Jackson Kleber was an electrical engineer who had worked for both RCA and Bell Telephone. Laid off as a result of the Depression, he came to work for the American Foundation for the Blind in 1932 to help continue research efforts on the development of the "Talking Book." 

AFB launched a major effort on behalf of the deaf-blind in the mid 1940s. One of their first projects was an electrical device that would allow a typist to sit on one side, facing a standard keyboard. The machine would translate the keystrokes into a braille symbol on a plate at the back of the machine, "where a deaf-blind person could feel them with a fingertip." Kleber worked out the initial prototype. 

TellaTouch braille display up close
It was later modified by another important AFB researcher, Clifford Witcher. Witcher’s model, the Electro-braille Communicator—doesn’t that sound like something from a steampunk novel?--failed in field testing and was withdrawn in 1952. Later that year, Charles P. Tolman, a semi-retired engineer, was hired as AFB's technical research chief. Tolman solved the machine's problems by converting it from electrical to mechanical power and it was renamed the "Tellatouch" in 1954. They came in several colors—this one is a burnt orange. Tolman’s device looked like a portable manual typewriter. When you pressed a key, metal pins were raised on a finger shaped array to create a single braille cell. 

Wednesday, May 13, 2015

Blindness Hall of Fame Class of 2015: Sir Francis Campbell and Dr. Alan Koenig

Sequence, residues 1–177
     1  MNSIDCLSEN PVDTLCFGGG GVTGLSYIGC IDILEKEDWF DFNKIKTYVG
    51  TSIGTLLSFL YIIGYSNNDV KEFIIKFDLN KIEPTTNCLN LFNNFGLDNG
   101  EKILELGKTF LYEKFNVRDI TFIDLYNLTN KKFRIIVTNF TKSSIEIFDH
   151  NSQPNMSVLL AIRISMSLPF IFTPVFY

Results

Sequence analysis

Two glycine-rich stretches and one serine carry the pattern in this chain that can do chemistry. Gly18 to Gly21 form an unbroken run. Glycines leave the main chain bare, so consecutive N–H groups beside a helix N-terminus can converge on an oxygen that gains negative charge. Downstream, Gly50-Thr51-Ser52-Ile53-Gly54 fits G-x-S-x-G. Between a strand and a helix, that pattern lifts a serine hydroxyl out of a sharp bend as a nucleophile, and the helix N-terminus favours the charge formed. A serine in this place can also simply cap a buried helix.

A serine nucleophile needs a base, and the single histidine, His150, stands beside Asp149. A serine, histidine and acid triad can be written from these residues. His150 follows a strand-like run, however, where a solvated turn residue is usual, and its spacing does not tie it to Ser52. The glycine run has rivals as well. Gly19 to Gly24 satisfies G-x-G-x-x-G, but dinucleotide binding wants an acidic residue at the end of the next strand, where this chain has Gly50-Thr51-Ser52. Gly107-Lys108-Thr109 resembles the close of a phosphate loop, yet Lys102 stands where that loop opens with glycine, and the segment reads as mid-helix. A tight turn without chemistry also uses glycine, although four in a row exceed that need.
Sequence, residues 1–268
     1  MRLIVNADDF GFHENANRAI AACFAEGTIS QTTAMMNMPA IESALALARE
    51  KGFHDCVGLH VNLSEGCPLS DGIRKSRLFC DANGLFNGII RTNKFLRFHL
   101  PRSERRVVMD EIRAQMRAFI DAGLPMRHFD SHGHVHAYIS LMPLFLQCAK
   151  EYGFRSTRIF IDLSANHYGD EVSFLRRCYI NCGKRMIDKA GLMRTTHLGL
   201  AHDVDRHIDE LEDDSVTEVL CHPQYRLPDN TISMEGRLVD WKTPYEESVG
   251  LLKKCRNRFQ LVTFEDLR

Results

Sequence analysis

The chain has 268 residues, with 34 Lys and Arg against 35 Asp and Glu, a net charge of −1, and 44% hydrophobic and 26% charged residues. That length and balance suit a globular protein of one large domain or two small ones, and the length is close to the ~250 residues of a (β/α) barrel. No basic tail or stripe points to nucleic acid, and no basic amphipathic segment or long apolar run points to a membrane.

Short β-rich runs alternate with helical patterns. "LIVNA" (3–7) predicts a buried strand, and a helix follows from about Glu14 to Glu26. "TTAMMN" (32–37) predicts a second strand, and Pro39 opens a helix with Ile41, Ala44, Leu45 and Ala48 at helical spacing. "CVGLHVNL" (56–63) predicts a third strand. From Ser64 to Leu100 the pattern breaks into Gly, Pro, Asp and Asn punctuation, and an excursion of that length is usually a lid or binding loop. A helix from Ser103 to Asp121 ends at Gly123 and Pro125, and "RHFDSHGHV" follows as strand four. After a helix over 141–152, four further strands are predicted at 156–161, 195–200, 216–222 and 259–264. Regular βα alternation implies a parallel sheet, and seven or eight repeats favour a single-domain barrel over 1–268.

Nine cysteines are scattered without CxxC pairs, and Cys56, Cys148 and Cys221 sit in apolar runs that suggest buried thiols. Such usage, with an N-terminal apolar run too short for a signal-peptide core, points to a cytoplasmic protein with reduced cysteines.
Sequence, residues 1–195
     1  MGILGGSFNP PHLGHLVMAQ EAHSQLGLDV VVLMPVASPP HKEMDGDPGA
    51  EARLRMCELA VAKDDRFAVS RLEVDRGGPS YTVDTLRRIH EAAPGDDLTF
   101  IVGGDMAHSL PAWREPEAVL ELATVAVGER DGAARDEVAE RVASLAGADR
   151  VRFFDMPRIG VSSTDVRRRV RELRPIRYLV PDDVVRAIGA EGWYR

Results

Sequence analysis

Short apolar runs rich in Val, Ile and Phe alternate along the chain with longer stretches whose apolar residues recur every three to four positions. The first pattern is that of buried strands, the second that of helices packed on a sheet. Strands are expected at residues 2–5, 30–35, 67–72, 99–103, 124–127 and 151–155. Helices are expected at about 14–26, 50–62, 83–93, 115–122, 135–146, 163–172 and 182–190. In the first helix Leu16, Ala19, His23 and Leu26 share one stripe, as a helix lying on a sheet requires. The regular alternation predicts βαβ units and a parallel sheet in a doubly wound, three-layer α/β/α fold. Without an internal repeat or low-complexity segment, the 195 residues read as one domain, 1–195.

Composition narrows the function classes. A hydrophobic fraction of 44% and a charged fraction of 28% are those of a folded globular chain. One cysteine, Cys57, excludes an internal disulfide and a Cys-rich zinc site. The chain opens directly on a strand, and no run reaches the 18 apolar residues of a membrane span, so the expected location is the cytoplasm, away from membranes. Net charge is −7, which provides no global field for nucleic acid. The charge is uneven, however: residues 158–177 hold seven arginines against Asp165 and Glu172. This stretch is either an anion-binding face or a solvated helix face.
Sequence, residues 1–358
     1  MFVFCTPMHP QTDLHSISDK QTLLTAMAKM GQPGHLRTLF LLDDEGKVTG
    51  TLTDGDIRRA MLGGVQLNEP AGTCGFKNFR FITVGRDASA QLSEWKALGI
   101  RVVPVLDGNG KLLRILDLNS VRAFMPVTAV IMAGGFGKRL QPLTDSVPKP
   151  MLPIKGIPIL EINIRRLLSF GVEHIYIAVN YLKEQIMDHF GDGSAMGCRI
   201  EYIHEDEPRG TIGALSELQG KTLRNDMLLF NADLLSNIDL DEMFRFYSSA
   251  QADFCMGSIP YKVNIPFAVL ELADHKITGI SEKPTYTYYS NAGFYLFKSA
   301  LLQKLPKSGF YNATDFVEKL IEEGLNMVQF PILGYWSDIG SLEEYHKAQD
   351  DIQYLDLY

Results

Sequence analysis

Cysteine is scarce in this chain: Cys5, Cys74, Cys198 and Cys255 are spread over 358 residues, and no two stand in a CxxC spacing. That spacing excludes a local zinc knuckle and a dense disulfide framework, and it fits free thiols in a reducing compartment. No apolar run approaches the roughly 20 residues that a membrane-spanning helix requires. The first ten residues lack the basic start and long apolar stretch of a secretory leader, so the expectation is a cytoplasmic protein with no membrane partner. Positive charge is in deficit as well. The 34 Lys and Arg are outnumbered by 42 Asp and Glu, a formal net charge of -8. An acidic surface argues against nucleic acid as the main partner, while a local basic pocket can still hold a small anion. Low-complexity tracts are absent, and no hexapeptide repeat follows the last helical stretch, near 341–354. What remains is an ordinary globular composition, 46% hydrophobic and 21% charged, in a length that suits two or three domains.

Sir Francis Campbell and Dr. Alan Koenig
to be Inducted into the
Hall of Fame for Leaders and Legends
of the Blindness Field in 2015

The Hall of Fame is dedicated to preserving the tradition of excellence manifested by specific individuals through the history of outstanding services provided to people who are blind or visually impaired in North America. Although housed at the American Printing House for the Blind (APH) in Louisville, Kentucky, it belongs to the entire field.

The ceremony to induct Campbell and Koenig will take place on Friday evening, October 9, 2015, in conjunction with APH's 147th Annual Meeting of Ex Officio Trustees and Special Guests, at the Hyatt Regency Hotel in Louisville, Kentucky.  Joining the fifty-four outstanding legends previously inducted, are these two remarkable figures who changed lives around the world. Their stories of accomplishment are powerful.

The Class of 2015:

Francis Joseph Campbell  (1832 - 1914)

Sir Francis Campbell
Sir Francis Campbell’s service began as a music teacher and interim Superintendent of the Tennessee School for the Blind in 1850.  He then served as a music teacher and special assistant to Dr. Samuel Gridley Howe at the Perkins Schoolfor the Blind from 1857 to 1868. In 1872, he established the Royal NormalCollege and Academy of Music for the Blind (RNC) in London where he served as Principal until retirement in 1912. His school was built on the belief that blind people can accomplish great things with good instruction.  He built a firm base of physical education and provided strong academic training with an emphasis on logic and mathematics as a basis for music instruction. Campbell’s school was enormously successful. Today it is known as the Royal National College and continues to receive awards for its status as an extremely effective school and training program for people who are blind.